As a native of Wisconsin who has also lived in numerous other states (Michigan, Illinois, and Texas among them), I appreciate the heck out of our state and its natural beauty. It's a pleasure to showcase the state's scenic wonders (and fried cheese curds) on the Discover Wisconsin show and with my own road trip website, StateTrunkTour.com. Often on weekends after my shows on 95.7 are done, it's a blast to hit the road and explore - weather permitting.
In August, the weather usually permits. And it's beautiful! Fall colors haven't hit yet, but the lush green and the rolling hills of our state - often punctuated with rows and rows of cornfields or other farm fields - give us a natural beauty that makes it great to live here.
Some people prefer more rugged territory than eastern Wisconsin offers, and you actually don't have to venture too far to find it. The "Driftless Area" is a major geographic feature in the Midwest that, unlike much of the region, wasn't flattened by glaciers over the past tens of thousands of years. The reason we have relatively flat land dotted with so many lakes is precisely because glaicers overrode the land around here. In the Driftless Area, the glaciers went around - for whatever reason - and the landscape is much more abrupt with steep hills, bluffs, and relatively few lakes... but a lot of rushing rivers and streams. While the Driftless Area covers part of Illinois, Iowa, and Minnesota too, the lion's share - perhaps 80% or more of its total area - lies in Wisconsin.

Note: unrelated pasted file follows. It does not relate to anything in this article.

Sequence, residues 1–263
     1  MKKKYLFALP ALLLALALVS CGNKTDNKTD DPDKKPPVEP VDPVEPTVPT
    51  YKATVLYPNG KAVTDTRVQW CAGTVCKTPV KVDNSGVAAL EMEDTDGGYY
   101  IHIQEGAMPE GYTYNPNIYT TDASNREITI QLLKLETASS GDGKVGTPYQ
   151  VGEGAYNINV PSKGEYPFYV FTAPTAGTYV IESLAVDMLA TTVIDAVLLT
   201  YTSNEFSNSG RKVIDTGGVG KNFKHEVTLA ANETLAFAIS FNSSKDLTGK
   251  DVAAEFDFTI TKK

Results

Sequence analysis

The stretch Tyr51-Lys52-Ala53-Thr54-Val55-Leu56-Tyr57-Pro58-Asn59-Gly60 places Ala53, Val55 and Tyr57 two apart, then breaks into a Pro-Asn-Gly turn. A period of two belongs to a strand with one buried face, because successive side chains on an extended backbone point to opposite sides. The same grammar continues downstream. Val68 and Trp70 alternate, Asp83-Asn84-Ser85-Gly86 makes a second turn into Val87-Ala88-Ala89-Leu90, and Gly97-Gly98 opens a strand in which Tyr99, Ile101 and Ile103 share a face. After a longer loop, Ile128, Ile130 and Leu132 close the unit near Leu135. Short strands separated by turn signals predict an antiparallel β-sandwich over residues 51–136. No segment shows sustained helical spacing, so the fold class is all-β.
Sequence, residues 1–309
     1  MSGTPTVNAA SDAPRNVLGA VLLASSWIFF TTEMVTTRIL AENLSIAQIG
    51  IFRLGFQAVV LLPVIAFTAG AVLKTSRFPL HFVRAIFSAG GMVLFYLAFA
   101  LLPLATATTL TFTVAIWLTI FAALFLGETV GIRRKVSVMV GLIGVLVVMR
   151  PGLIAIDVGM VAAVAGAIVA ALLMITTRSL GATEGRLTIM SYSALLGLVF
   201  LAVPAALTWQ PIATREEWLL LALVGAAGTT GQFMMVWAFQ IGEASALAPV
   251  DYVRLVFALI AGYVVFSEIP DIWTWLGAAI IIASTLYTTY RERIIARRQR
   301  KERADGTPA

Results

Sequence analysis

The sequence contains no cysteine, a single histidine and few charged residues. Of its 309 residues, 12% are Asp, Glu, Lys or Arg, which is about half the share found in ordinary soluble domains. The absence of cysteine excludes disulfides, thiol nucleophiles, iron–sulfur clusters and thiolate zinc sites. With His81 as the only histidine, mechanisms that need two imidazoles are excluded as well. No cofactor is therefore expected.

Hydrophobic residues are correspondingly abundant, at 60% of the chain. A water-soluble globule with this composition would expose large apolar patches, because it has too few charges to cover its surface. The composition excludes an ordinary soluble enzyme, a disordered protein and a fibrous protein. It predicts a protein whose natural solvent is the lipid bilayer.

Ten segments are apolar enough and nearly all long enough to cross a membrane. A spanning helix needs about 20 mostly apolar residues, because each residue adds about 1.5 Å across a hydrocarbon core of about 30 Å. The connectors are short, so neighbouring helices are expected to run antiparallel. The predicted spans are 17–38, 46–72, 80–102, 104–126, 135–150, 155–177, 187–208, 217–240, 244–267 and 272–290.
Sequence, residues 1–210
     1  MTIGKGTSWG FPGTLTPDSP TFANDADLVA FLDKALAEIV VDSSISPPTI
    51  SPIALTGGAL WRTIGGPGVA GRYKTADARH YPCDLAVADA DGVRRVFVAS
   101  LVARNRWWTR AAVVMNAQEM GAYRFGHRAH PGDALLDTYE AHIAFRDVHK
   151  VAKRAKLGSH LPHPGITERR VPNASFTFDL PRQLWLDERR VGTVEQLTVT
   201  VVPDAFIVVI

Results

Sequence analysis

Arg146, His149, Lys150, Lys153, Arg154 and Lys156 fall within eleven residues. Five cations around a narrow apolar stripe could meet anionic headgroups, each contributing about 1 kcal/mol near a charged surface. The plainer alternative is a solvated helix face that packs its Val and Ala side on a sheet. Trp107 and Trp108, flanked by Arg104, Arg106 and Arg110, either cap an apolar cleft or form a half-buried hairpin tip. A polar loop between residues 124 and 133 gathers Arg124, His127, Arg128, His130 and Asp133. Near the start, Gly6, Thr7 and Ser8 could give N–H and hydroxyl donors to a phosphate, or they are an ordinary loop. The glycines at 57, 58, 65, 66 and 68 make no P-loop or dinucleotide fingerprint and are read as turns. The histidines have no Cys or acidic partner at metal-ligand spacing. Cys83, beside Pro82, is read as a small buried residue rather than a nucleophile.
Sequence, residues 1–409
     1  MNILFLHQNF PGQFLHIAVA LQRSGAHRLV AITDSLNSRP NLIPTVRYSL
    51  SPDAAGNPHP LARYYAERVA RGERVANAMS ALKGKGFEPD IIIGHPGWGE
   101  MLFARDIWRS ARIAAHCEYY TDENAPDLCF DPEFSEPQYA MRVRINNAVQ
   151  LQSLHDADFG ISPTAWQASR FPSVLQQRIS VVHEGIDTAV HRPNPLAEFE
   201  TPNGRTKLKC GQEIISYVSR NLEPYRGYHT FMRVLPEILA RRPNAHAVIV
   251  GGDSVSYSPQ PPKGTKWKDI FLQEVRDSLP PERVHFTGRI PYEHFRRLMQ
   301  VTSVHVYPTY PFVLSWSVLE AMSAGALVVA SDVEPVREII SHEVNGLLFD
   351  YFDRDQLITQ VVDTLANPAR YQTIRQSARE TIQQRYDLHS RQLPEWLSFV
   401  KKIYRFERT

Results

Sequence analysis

Where is the Driftless Area? It's roughly the entire southwest portion of the state. Generally, it's everything west and southwest of I-90/94 as it rolls through the state, stretching in areas up towards Eau Claire. It begins not too far west of Madison; the Wisconsin Dells are part of the eastern edge of the Driftless Area. La Crosse is in the heart of it, which is why the bluffs framing the city along the Mississippi River are so spectacular. Here are some photos I shot this weekend at Wildcat Mountain State Park, just east of Ontario, Wisconsin. These give you an idea of just how rugged the topography is - and how beautiful the views can be. Just follow Highway 33 west, and you'll find it about an hour west of Portage!
Photo credit: Me, taken August 16, 2020